What about the government? Has the government been forced to make improvements in the favelas?

Paulo Morelli: I used to say that art doesn't have that power. But Douglas [Silva] went to the Berlin Film Festival with me last week and told me that after the films were released, a number of programs have started up in the favelas. He felt that Brazil's middle class was becoming less discriminatory towards the people that lived in the favelas. But I don't believe that Brazil's government has really done anything.

Did you run into any issues while shooting such violent scenes on location?

Paulo Morelli: It was incredibly easy to shoot there. We really didn't run into any problems because the community was so cooperative with us. We asked permission from the "Association of Neighborhoods" who would, in turn, ask permission from the drug lords. The drug lords are really the 'Kings of the Hill'. They are the ones who have control over the life and death of their citizens. But they allowed us to shoot there and the whole community was very cooperative with us. We hired as many as we could to be extras or part of the crew.

Have you met people in the favelas interested in working behind the camera?

Paulo Morelli: Yes, in fact we've already started a small film school. It's part of an acting school that has been around for about fifteen years called "We from the Hills". Most of the actors of the film and the series came from that school. Fernando Meirelles started a branch called "We from the Cinema". It's a school for filmmakers.

What was different in the directing style you employed in City of Men from Fernando Meirelles, who directed City of God?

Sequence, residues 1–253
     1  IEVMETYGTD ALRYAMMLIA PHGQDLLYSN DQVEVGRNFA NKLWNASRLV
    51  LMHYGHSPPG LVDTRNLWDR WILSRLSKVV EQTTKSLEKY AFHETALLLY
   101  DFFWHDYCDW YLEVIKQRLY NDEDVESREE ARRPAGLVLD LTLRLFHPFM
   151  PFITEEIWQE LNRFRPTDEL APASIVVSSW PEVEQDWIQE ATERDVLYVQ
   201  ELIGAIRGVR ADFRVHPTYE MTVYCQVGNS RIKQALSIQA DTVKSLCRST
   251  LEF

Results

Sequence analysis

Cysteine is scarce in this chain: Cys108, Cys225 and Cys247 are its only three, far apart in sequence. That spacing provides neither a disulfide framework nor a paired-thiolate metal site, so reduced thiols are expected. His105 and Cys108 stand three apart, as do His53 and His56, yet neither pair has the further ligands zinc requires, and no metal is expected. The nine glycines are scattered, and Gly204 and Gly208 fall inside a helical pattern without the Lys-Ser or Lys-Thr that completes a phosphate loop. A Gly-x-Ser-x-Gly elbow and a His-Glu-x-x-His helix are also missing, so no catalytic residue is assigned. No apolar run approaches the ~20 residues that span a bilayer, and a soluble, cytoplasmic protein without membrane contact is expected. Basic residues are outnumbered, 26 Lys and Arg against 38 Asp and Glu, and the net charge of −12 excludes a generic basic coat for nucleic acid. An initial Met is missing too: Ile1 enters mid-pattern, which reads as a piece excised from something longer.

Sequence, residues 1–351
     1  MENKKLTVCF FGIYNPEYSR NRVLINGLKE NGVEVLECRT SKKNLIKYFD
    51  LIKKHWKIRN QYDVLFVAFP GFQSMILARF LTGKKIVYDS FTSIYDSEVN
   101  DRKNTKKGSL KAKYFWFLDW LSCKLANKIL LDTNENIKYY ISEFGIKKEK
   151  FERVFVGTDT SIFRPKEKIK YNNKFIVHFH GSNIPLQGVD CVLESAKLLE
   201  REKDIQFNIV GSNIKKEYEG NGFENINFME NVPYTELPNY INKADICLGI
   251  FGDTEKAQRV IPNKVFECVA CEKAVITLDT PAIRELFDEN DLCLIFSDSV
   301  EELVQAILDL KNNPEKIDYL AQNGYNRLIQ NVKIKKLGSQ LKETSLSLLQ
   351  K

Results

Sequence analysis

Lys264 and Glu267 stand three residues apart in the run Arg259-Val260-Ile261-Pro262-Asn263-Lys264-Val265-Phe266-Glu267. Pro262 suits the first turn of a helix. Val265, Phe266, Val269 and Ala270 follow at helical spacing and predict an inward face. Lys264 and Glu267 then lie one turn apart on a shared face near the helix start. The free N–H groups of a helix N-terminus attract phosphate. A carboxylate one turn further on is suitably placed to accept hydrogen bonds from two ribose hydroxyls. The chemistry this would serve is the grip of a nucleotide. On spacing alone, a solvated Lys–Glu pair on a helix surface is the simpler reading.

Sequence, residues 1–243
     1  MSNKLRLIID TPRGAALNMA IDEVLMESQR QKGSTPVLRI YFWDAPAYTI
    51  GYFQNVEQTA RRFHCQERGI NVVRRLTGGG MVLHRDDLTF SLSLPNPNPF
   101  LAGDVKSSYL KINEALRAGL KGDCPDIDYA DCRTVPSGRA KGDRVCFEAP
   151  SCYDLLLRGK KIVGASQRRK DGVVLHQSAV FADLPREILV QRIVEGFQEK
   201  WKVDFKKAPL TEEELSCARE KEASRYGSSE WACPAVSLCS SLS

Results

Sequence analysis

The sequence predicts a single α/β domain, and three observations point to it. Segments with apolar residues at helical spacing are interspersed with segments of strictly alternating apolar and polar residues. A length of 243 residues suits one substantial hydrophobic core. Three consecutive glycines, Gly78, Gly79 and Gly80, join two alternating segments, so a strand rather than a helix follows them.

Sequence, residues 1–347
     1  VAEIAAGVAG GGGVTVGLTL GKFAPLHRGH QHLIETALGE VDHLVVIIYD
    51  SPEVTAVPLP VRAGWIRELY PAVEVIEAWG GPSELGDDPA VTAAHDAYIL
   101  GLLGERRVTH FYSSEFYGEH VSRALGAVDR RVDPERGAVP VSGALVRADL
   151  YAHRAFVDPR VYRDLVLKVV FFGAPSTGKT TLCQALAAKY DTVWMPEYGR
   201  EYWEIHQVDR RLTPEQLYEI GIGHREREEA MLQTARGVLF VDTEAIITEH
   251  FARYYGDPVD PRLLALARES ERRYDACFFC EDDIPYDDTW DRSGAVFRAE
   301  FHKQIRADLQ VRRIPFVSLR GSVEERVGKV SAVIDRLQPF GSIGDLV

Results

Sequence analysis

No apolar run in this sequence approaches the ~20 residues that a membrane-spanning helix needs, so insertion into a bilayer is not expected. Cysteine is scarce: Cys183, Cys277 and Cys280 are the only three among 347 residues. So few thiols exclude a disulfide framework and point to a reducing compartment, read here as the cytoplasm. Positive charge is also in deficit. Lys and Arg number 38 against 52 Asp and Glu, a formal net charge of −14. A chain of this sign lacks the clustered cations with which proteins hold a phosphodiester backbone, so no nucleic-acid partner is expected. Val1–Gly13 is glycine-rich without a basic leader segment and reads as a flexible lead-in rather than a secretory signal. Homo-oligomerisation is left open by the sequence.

Paulo Morelli: Some aspects I feel were actually very similar and I tried to maintain some continuity because it's all one big project. The documentary-type aspects are similar: hand-held cameras, the method of rehearsing, the actors, the locations etc. But I decided that City of Men should be a more humane story than its predecessors. Thus, the aesthetics of the film are a little more controlled. We have a curve of colors for example. In the beginning of the film, the colors are more bright and saturated. At the exact mid-point, the colors become darker, more washed out. It becomes a different style than City of God. This film is not an epic about violence, but about these two characters growing up in the favelas and trying to survive. I didn't want to make "City of God II". My film is not about the drug dealers, it's about the community.

Have there been any thoughts to revisiting these characters ten or fifteen years down the line?

Paulo Morelli: That's exactly the idea. Ten years from now, I think we could make a good film about how the favelas have changed and how the main characters are doing as father figures. It will be interesting because their kids will be around the same age that they were when we started this whole process.

Big Hollywood came knocking for Fernando Meirelles after City of God, which resulted in him directing "The Constant Gardner". Are you receiving offers from the Hollywood studio system?

Paulo Morelli: I am considering some screenplays from the American film industry, nothing we can talk about yet, but I'd like to work in both my native country as well as America. If I can find a good story, I'd like to make a more international film.

Julian Roman at Movieweb
Julian Roman